The motivation behind my work is to dissolve into the anxiety. Each image within the still life series is branded with anxiety—like a scarlet letter, denoting a gendered crime contained by a culture of contradictions. In using photography as a practice, I am interested in creating an exaggeration of reality and compounding of fears. I ask myself: When does a dream become a nightmare?
The still life, as a type of representation, nods toward product and food photography, but I try to complicate the subtext of desire with elements of violence and disgust and humor. In this way, the familiar becomes something strange. Colors and textures and clichés play off each other. Everyday artifacts are carefully arranged within the frame, becoming monuments or symbols of a confused nature. I ask myself: What am I selling here? What am I condemning?
I shoot objects at least in part to avoid the blinding light of human bodies. However, their very absence reinforces their dominance, since still lifes are essentially the staged remnants of human interference. The body is a temple, a profoundly sacred space, from the holy hand to the holy asshole. The body is also a repulsive thing—hairy, itchy, dripping with blood and mucus—signifying the monstrous. The body, moreover, is a site of pain and pleasure, a resource for production and reproduction, and a place for the markings of vulnerability and force. I am both attracted to and repelled by bodies.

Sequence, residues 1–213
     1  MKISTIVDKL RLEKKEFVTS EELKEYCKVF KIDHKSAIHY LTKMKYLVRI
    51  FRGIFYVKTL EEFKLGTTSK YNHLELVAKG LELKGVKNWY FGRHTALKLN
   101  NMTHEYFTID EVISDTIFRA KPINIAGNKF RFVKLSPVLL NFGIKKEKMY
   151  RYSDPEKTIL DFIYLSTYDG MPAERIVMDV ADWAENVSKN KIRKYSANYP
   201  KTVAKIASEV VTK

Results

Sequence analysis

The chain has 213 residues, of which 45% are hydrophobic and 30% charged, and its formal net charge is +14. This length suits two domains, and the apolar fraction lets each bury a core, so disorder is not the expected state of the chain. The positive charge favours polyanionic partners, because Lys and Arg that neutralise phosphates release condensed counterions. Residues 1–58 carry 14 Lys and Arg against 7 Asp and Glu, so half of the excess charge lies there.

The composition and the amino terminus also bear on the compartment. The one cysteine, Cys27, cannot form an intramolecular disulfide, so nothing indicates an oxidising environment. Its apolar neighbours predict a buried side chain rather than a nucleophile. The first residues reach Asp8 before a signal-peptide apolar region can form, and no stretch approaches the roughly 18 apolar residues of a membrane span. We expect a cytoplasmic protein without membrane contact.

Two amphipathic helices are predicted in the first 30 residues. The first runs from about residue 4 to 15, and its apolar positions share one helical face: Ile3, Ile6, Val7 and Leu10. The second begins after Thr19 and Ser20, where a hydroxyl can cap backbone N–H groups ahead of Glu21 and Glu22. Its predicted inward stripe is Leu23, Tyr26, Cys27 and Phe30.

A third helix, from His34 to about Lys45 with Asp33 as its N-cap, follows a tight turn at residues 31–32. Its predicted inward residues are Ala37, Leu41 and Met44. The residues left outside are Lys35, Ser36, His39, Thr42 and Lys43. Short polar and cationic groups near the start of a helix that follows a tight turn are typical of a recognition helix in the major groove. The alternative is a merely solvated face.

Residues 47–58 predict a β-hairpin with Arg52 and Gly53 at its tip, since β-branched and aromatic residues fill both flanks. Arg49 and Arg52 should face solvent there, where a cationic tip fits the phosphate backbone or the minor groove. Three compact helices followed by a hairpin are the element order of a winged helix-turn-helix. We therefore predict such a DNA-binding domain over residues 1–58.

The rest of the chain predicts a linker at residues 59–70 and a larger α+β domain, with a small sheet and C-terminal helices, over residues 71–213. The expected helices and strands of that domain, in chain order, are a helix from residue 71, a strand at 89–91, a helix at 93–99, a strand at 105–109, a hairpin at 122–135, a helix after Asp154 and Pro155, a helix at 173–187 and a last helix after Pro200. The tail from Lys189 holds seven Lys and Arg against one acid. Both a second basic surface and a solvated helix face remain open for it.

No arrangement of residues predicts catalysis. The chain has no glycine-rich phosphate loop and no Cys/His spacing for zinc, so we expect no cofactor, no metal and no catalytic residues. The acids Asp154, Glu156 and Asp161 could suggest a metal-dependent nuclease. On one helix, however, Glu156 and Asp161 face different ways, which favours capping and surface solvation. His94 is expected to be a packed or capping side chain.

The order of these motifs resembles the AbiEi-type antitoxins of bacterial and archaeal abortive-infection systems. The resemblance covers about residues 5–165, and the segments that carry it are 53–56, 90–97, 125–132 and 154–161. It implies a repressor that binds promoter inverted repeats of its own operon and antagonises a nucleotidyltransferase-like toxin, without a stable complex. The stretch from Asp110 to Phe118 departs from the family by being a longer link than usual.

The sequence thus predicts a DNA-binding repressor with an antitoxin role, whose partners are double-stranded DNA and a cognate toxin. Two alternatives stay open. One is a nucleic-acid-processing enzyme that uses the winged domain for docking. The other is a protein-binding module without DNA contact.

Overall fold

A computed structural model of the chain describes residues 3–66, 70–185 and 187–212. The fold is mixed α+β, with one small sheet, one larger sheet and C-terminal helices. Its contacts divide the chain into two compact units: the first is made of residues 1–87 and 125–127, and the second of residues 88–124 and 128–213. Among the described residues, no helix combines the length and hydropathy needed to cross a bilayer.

The pictures act as a sort of evidence, then, of a logic distorted. They could be introduced in court as Exhibit A, Exhibit B, and so on, for a Kafkaesque trial where no verdict is possible. The crime is indistinguishable from modern living and morality from consumer capitalism. There is a banality to evil, and it leaves a bad taste in my mouth.
And now my admission of guilt: I am a consumer, too. I wish I could plead with some dignity that I stole a loaf of bread out of hunger, but in actuality I crave sugary food that has been marketed to me all my life. I bite and I chew and I swallow what I am given. Modern society is built on overabundance and addiction. This state of anxiety is the starting point for my work, in which I attempt to embrace the tautological regurgitation. After all, I am peddling the fetish.
Ashley Miller, 2017